Second Chance

In the spring of 2007, an enthusiastic undergraduate composer named Kevin Clark approached me with a proposal. The previous year, Kevin had taken the initiative of launching a composition mentoring program called Junior Bach. He had partnered with the Saint Ignatius Loyola Academy, a school serving middle-school boys from low-income families. Kevin was now petitioning the Peabody Institute of the Johns Hopkins University to make the program available to composition majors as a for-credit course. In order to make this happen, the program needed a faculty advisor. Kevin, along with various administrators at Peabody, invited me to take on that role. I said no.

I turned down Kevin's offer in part because I was still finishing my doctoral degree, and was concerned about spreading myself too thin. I don't like taking things on when I can't commit to them 100%. But in hindsight, I declined because I didn't see the value in what Kevin had created. Why were Peabody composers notating music for middle school students? What did our students, or theirs, get out of this arrangement? What would I get out of it? I was focused on writing music, on running my concert series in Baltimore, and on teaching, and I didn't think Junior Bach aligned with those goals.

Junior Bach certainly didn't need me. My colleague Steve Stone devoted himself to the program for the next four years, and it thrived under his leadership. Kevin graduated in 2008, with a bachelor's degree in philosophy from Johns Hopkins, and bachelor's and master's degrees in composition from Peabody. He has since gone on to a career as a successful composer and speaker, now serving as Director of Platform at New Music USA. I finally finished my doctoral degree in the spring of 2011. It was then that Steve mentioned, in passing, that he was planning to step down as director of Junior Bach. This time, it was my turn to ask whether I could be considered to take his place.

What had changed? Sure, I had finished my degree. But more importantly, I realized that I had missed an opportunity to be part of something special back in 2006, something more powerful than any composition, commission, or diploma. Junior Bach was about new music, it was about community, it was about teaching, it was about Baltimore. In short, it was about everything that mattered to me. Why were our students helping middle schoolers write music? Because those middle schoolers had great musical ideas, and only needed time and guidance to develop them into full-fledged compositions. Along the way, our composition majors were getting rare and invaluable teaching experience.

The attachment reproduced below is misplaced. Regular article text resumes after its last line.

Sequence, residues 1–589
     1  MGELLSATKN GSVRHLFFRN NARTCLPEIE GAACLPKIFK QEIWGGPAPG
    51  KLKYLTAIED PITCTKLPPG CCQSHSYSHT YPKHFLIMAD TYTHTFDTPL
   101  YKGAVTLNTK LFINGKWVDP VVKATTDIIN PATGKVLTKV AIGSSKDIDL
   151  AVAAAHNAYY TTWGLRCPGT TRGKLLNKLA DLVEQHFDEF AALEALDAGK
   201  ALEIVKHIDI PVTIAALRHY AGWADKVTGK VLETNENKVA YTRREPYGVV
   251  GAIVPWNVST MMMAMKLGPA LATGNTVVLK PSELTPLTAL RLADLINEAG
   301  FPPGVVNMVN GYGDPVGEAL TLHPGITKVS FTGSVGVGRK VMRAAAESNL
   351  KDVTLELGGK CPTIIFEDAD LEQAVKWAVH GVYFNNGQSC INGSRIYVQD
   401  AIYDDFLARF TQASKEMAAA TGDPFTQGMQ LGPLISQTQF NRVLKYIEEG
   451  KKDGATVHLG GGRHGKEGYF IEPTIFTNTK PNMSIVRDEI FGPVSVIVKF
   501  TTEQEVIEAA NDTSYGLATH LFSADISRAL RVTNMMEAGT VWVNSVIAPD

As for what I would get out of it, that should have been a no-brainer from the start. Meeting the St. Ignatius students -- along with students from the Baltimore Leadership School for Young Women, who joined the program in 2014 -- at the main entrance to Peabody every Monday and Wednesday is one of the highlights of my job. The only thing I love more is handing them their completed scores, signed by their teachers and performers, after their original music has been premiered in front of all of their classmates. It's hard to imagine anything more empowering, for the students, or for their mentors.

I think that's what I missed about Kevin Clark's instincts and vision nearly 10 years ago. Like many people involved in community engagement, I don't use the word "outreach." In part because it implies people in need of something that a more privileged person or institution can bestow upon them. But moreover because, when you're engaging with your community in meaningful ways, you get more than you give. The music that these students create at Peabody is a much greater gift than virtually anything else we could be doing with our time as artists. I count myself fortunate not to have missed a second chance to receive that gift.

Please join us for the Junior Bach Program's 10th Anniversary Celebration on Friday, April 29 starting at 1pm. Details here.